Sunday, September 25, 2016

Core

Now Playing: Peter Murphy - Cuts You Up

My parents and brother were watching Inside Out a little earlier today, and I got back to thinking to that whole art being either beautiful or useful. (And how ideally you want both but one side of the scale tilts, whether a lot or a little).

My whole last semester of creative writing made me certain I wanted my art to be beautiful. I considered often--but briefly--what it might have been like to write the kind of book that would be dissected in English classes of the future, and every time I thought, "I'd rather be shallow. I'd rather be good at being shallow."

I admire Inside Out for being one of those rare films that can be both beautiful (great animation, vivid colors, emotionally poignant, funny) and useful (thoughtful, layered, unique message). But maybe all this hostility towards art that is useful happens because I fear that it can't ever change people.

My education argues otherwise. I never went through a literature or film or history course not being reminded (subtly or blatantly) that art influences people's opinions and feelings, that entire wars can start because of books, that a film can humanize or dehumanize a living being.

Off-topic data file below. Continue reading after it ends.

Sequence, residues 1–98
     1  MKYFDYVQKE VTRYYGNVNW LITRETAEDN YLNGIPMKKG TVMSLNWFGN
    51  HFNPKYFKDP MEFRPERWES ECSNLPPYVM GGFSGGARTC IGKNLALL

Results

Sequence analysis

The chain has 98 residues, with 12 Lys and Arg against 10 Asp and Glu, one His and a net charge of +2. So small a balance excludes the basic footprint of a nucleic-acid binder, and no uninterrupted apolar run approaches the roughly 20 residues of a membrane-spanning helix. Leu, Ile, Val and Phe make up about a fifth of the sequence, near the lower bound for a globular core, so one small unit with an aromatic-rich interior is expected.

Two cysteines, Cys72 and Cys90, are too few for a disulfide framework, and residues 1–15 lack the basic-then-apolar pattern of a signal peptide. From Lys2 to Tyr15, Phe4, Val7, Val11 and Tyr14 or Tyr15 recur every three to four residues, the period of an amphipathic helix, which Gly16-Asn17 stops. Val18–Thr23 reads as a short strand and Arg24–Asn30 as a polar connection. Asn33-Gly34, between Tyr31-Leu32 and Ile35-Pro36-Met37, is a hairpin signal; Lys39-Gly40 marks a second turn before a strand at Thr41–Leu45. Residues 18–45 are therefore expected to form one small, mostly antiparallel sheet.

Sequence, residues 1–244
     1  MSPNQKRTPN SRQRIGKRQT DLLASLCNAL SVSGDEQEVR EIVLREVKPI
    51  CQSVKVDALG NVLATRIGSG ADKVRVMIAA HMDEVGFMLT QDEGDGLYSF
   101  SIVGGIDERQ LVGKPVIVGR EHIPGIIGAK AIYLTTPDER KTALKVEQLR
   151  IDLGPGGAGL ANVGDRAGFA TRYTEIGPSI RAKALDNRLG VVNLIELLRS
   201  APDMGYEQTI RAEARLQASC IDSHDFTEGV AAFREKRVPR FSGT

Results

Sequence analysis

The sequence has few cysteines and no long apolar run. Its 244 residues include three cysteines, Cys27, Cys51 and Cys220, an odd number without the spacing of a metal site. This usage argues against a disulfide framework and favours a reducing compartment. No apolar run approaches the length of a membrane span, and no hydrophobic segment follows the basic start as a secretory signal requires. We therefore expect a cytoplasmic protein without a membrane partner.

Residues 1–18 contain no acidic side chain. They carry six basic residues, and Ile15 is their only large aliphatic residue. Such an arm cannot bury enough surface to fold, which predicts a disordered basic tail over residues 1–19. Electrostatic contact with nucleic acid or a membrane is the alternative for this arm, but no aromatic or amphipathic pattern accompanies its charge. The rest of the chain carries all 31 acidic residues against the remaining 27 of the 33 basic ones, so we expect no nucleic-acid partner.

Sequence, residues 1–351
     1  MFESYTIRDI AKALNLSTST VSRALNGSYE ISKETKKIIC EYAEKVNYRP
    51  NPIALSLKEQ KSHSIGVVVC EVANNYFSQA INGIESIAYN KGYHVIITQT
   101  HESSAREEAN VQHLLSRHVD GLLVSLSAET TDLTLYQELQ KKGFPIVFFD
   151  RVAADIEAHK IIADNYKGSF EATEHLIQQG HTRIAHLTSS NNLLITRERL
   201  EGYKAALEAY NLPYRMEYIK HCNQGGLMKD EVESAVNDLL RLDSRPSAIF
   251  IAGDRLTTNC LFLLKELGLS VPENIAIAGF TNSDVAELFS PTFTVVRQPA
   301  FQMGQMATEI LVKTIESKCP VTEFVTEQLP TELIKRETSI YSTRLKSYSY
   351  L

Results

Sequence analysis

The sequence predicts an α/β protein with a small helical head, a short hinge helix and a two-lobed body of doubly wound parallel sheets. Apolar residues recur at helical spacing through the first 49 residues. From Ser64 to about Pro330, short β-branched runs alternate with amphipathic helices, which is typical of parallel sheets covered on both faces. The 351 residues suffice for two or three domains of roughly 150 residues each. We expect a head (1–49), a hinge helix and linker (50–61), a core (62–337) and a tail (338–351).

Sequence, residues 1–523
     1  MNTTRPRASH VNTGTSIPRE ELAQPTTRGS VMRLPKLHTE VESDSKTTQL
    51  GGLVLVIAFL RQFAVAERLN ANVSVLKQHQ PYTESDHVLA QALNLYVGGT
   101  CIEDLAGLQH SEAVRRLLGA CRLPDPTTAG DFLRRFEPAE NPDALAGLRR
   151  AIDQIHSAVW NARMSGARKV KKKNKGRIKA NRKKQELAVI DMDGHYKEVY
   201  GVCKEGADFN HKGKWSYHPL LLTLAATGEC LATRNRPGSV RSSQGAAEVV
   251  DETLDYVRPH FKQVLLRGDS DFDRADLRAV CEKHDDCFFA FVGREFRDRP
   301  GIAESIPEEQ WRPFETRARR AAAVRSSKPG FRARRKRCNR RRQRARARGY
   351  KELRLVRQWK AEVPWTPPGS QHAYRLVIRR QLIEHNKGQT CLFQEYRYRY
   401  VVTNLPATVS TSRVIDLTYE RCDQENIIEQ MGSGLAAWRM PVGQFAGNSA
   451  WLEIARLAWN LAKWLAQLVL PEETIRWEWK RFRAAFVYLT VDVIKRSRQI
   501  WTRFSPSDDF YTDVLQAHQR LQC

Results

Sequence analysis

And I love my parents a lot. But due to many external circumstances, they're the kind of people who have a very complicated relationship with "negative" emotions. Mainly sadness and anger. Sometimes we've argued about our arguments. It's the strangest thing to be angry and sad at them because they don't always let me be angry and sad. And to be fair, they don't do it out of malice: they try to push those feelings away from themselves on the belief that they're unproductive.

When they were watching Inside Out, on my brother's last day of his quick, mid-semester visit, I wondered if that hour and a half could really change them. Today or tomorrow or ten years from now, when they're reflecting on it.

I have doubts. I don't know how many people came out of that movie--came out liking that movie--and had newfound appreciation for emotional complexities and the merits of accepting and addressing sadness. Or if it only reached people who'd already had a disposition for embracing that message.

Closing questions: is there a book or movie or video game or even a song that changed me fundamentally?

How did it do it?

How long did it take?

What is it called?

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"Science and science fiction have done a kind of dance over the last century... The scientists make a finding. It inspires science fiction writers to write about it, and a host of young people read the science fiction and are excited, and inspired to become scientists...which they do, which then feeds again into another generation of science fiction and science..."
- Carl Sagan, in his message to future explorers of Mars.